From: Jeff Bone (firstname.lastname@example.org)
Date: Mon Dec 03 2001 - 23:34:27 MST
Emil Gilliam wrote:
> I find it difficult to believe that nonconsensual simulations should
> not be allowed, ever ever ever.
(1) Human beings (as example "intelligent" beings) are great at justifying
nonconsensual / coercive expression of will over other intelligent beings.
(2) You might want to be aware that there are a large number of software "toys"
today which have just exactly that purpose --- simulating "life" in various
environments. Do you really think that we'll stop being amused by these at some
point, just because the quality of the simulation advances to the point that the
simulated beings are self-aware?
I'm not saying this is right, I'm just saying let's not be naive about human beings.
> And of course, you see where this is going. Suppose we have six
> billion happy puppeteers controlling six billion "suffering" human
> puppets in a simulation, including some who have the line "I hope I'm
> not in a simulation; if I were, I'd want out of it now!" (Don't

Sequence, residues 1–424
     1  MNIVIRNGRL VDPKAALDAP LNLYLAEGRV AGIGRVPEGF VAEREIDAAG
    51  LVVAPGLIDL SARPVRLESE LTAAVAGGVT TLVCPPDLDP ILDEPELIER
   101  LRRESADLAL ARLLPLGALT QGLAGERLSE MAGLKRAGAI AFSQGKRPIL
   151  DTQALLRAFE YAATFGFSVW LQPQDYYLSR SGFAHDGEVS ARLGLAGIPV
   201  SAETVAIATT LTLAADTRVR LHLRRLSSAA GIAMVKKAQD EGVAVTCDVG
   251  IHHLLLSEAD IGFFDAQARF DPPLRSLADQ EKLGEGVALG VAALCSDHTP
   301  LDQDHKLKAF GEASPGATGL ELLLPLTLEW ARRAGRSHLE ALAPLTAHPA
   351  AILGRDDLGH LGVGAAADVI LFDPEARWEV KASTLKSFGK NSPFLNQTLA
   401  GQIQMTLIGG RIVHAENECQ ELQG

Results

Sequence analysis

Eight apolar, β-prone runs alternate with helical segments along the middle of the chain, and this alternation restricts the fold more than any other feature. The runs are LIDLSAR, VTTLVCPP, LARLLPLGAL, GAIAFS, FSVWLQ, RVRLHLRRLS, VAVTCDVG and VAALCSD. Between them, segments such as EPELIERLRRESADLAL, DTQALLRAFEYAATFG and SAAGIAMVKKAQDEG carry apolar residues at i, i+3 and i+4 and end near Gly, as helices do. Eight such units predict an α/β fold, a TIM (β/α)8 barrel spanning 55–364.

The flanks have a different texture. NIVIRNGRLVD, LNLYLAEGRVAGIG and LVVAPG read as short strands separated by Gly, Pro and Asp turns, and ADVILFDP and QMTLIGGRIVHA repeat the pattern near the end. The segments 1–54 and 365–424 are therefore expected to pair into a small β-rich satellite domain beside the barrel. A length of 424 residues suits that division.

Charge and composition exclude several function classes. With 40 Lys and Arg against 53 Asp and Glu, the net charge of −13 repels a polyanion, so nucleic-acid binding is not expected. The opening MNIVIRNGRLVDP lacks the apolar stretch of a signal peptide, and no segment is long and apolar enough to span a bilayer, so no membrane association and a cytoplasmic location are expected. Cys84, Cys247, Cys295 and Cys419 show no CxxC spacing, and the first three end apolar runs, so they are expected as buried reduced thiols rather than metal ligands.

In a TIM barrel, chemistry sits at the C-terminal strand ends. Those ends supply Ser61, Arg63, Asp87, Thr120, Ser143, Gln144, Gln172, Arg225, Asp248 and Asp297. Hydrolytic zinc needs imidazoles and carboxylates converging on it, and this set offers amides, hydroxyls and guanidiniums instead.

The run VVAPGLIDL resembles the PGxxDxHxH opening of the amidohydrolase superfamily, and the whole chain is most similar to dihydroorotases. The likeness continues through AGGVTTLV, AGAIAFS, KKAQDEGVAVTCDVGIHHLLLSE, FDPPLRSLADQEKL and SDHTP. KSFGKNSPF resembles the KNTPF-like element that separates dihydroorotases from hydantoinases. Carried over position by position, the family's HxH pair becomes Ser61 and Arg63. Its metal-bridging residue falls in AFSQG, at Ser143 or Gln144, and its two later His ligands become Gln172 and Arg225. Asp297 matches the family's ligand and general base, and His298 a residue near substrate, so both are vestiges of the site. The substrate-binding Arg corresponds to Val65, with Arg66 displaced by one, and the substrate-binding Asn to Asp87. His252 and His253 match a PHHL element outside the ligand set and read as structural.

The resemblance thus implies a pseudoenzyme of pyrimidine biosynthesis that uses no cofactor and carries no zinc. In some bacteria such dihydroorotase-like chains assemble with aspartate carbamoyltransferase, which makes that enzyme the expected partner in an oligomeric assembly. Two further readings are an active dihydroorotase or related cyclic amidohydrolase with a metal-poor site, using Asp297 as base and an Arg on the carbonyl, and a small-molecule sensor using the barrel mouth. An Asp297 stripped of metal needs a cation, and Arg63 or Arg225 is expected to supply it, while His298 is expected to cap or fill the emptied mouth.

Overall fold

> nominate this drama for a Pulitzer.) Is this immoral?
What a question. What do you mean by morality?
> The possible resolutions:
> 1.) What Bob does is immoral and should not be allowed.
Yes, but now you are letting your own subjective morality override Bob's expression
of free will. Is that moral? Is it *ever* moral for party A to interfere with the
actions of another party B, when B's actions have no impact on party A? Isn't that
just moral "busybody-ness?"
> I truly fear
> for our freedom if a Friendly AI decides that a street puppeteer
> Pedestrian can't even put on a innocuous tragic puppet show (or, for
> that matter, that nobody can perform Shakespeare).
I fear for our freedom if we cede control of the physical world to any Power,
Friendly or otherwise, for "protective" purposes.
This archive was generated by hypermail 2.1.5 : Fri May 24 2013 - 04:00:20 MDT